To continue the original example, if your program just runs the HTML generation program and supplies user data via a command line argument then it need not be released under a compatible license. But on the other hand if you were to "copy and paste" the functions from that program into yours, it would need to be licensed under a compatible license.
Wikipedia has a pretty good section on the more broad legal background:
I wonder what would happen if you modify the GPLed command line program. Would that mean you'd be required to release such changes? I would say no.
The AGPL basically establishes the same concept on the internet that the GPL has established on the desktop.
I see, interesting idea unfortunately I really can't see it taking off, most companies would just prefer to work internally and then release some bits of code as LGPL/BSD when they are ready. What advantage could AGPL give the developer (assuming they are writing OSS for commercial rather than ideological reasons)?
The commercial advantage is that it levels the playing field: If I create a library that can be used for a website and release it as FOSS under a license that is not as restrictive as the AGPL, I basically create a disadvantage to my own business: Another company could use my code in a closed service and thus benefit from my work without giving me and their users the courtesy of benefiting from their work in return.
I write commercial GPL software and will, in my next refactor, license certain parts of the software as AGPL. An example would be a library that connects an invoicing system to an online payment processor (ie. creates a full checkout process for invoice X at amount Y). I have a lot of work invested in the code (basically 5 years of my life) and the better and more reusable I make it, the easier it is to just retool it for another application. I would naturally love to see websites utilize the code, even if it is just in a SaaS setting. But since it is my work, I have decided to set the rules and if people want to use it, I think it's fair to ask that they should promote the same liberties that they received from me.
I would be more concerned about the "viral" nature of the GPL (I assume this applies to AGPL as well) i.e I would be happy to use AGPL code in my application and release any modifications I make (or create AGPL code and have others do the same for me) but there are parts of my applications that I really wouldn't want to have to release (because they are very industry specific and would be useful to competitors without modification and not useful at all to the general populance).
A similar license but one based on LGPL would be preferable.
Of course, if you accept patches from others, that's no longer true, unless if "force" people to dual license their code, with the second license being an exception just for you.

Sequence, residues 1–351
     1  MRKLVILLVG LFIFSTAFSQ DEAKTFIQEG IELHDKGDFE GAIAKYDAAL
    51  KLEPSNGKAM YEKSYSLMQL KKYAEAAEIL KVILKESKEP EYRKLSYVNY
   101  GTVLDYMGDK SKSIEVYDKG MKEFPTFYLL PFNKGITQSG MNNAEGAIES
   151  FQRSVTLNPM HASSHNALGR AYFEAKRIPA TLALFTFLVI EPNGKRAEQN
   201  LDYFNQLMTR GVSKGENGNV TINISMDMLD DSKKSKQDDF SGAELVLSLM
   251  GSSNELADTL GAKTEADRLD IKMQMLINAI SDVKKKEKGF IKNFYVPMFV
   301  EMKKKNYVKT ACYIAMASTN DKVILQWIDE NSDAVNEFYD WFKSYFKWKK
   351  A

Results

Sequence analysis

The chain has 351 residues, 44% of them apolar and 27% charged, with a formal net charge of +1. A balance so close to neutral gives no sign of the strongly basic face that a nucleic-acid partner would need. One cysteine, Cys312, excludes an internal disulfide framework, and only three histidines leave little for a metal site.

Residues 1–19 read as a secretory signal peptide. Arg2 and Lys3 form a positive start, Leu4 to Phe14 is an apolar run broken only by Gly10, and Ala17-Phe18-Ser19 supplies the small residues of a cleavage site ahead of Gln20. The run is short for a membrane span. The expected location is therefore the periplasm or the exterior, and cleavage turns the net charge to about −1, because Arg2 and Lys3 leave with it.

A similar license based on the LGPL wouldn't make sense. The LGPL is basically the GPL with an addition that says that you don't have to be that strict on what license the software you use it in uses.
Problem is I'm not enough of a lawyer to know what would and wouldn't be compatible with the GPL (and confident enough to tell other stakeholders). With something like a BSD license it's easier to point to concrete examples of it's co existance (OS X for example).
The reason we need to use a license like that and not a libre license is that some of our software is very niche and would only be useful to a handful of companies around the world.
It's quite likely that none of these other companies employ any programmers at all bar the occasional contractor.
Basically we are trying to disrupt an industry (in a small way) by getting more efficiency by doing stuff through tech that they are doing by employing legions of admin staff and using the old-boys network (it's a very old school industry).
If the source for certain parts of our software was available to them then they would most likely simply use it (employing an Indian contractor or similar for a couple of weeks to set it up) to wipe out our advantage and not contribute much if anything back to us.
There are however other parts of the software that could be generally useful to a wide number of people who are much more likely to contribute code back.
We aren't planning to distribute any of our software so we get along fine just using LGPL / BSD licensed stuff and a few commercial libs for the most part.
Something like AGPL is potentially interesting but if it involves having to hire lawyers we'll probably keep things in-house or maybe release a few bits under LGPL a few years down the line.
The set of information people publish on their own about themselves (like blogs) is almost exactly the same as the set of information they disclose via Facebook.
Anyone can datamine people's blogs for similar surveilance.
From Stallman's blog & email history on newsgroups I could work out:
who he knows
what projects he participates in
infer his sexual preference
infer his religion (may even be explicit there)
where he lives
where he was on any day (conference speaker history)
Those concerned with privacy have oodles of crypto-tools to do so with.